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From left, Christian Pedersen, David McBean, Omri Schein (as Philip Glass), Noelle Marion, Taylor Renee Henderson and Uma Incrocci assume the eccentric mien at North Coast Repertory Theatre. Photo by Aaron Rumley.

On one front, mainstream American satire’s loss was theater’s gain during the late 20th century. You could see it coming amid the foothold playwright David Ives would create with his short-form scripts — his sense of wordplay and his insights into the human condition are an unbeatable combination.

If he’d wanted, he could have become a star reporter and commentator, taking his rightful place among the Dorothy Parkers and Art Buchwalds of the world.

Nah. Instead, we have great stuff like All in the Timing, a series of six 15-minute plays that reflect Ives’ absurdist acumen and his delight in exploration of the American moré. The original 1993 off-Broadway piece featured six stories; host North Coast Repertory Theatre has chosen to exchange ‘‘The Philadelphia’’ for an addition — ‘‘Foreplay, or the Art of the Fugue’’ (leave it to Ives to skewer the folly behind putt-putt golf and rumors about a race of dwarves that once covered the earth).

‘Go!! Go! Go! Go! … Philip! Glass! Is! A! Loaf! Of! Bread!’

Beyond that, North Coast’s six stage personnel and director David Ellenstein tear into Ives’ material as if they’d written it themselves.

Remember the saw about the chimpanzees that under the right conditions could be expected to eventually retype Hamlet word for word? Ives takes the idea literally in his ‘‘Words, Words, Words’’ — three chimps named after renowned authors (Omri Schein, David McBean and Uma Incrocci) sally about the pointlessness of it all while reserving the right to admire their handiwork (‘‘I like the ‘ffft, ffft, ffft,’’’ one says; ‘‘Yeah, kind of onomatopoeic,’’ agrees another).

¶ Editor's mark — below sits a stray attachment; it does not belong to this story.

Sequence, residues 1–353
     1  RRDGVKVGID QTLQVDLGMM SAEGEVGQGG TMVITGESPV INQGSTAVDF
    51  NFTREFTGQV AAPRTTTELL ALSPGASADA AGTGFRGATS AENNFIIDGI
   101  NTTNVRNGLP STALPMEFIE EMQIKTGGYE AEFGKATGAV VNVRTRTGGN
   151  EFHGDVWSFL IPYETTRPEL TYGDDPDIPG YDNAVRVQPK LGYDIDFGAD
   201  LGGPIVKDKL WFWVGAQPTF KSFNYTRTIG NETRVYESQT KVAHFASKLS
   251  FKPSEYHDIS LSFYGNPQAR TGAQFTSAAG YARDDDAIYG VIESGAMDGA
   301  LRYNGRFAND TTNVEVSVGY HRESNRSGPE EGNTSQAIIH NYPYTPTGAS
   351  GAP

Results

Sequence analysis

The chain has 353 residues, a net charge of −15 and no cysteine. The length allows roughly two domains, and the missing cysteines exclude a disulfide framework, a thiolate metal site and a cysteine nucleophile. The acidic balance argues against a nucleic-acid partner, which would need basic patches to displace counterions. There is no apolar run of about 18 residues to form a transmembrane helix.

‘‘Philip Glass Buys a Loaf of Bread,’’ which has taken on a life of its own on the collegiate theater level, features Schein as the so-called minimalist composer (Glass has 12 symphonies to his real-life credit) who seeks a bakery’s staple item in vain. The bread could be construed as Glass’ quest for romantic happiness, but the insanely staccato language gives rise to second thoughts (i.e., ‘‘Go!! Go! Go! Go!. . . Philip! Glass! Is! A! Loaf! Of! Bread!’’).

Then there’s the show-closing ‘‘Variations on the Death of Trotsky,’’ wherein the Marxist revolutionary’s head sports the clunky mountain climber’s ax that accompanied him in death in 1940 over 36 hours’ time (hint: The script’s one giant sight sketch; Trotsky dies a million times, and he was actualy killed with an ice pick, formidable though it was).

According to David Ives, if Leon Trotsky’s assassination isn’t funny, then nothing is. Public media image.

The unlikely romance on the heels of a commercial con game in ‘‘The Universal Language’’; life’s linguistic twists and turns amid a simple bell-ring cue in ‘‘Sure Thing’’; the playwright’s lifelong expertise in rhythmic concoction (he wrote his first play at age 9): Noelle Marion, Christian Pedersen and Taylor Renee Henderson join the other three performers in a symphony of worldviews on the public condition atop Marty Burnett’s secondhand set (heh-heh), in Elisa Benzoni’s distortional costumes and astride Matthew Novotny’s lights and Aaron Rumley’s sound.

Indeed, ‘‘symphony’’ is less a figure of speech here. A sea of information attests to the idea that we’re hard-wired for music, with its colossal rhythmic spectrum and richness of subtext — and whether he knows it or not, Ives (who’s worked in musical theater for 25 years) has capitalized on this preoccuptation, to the extent that The New York Times has dubbed him a ‘‘maestro’’ of the short form.

But in an interview with Charlie Rose, the native Chicagoan assumed a professor’s guise in explaining his affinity for written humor. ‘‘Intellectual content is fine,’’ he said, ‘‘but a really good original joke is a very rare thing, and so I go mining for those things more than anything else. . . To be serious about serious subjects is somehow redundant, I guess.’’

That’s an enormously refreshing equation, one that now has North Coast’s horses behind it. Please do see this funny, exuberant piece, whose eccentricities somehow sanction our own.

This review is based on the performance of April 18. All in the Timing runs through May 5 at North Coast Repertory Theatre, 987-D Lomas Santa Fe Drive, Solana Beach. By popular demand, a matinee will be mounted at 2 p.m. Wednesday, May 1. $44-$49. northcoastrep.org, 858-481-1055.

Martin Jones Westlin

Martin Jones Westlin

Martin Jones Westlin, principal at editorial consultancy Words Are Not Enough and La Jolla Village News editor emeritus, has been a theater critic and editor/writer for 25 of his 47 years... More...

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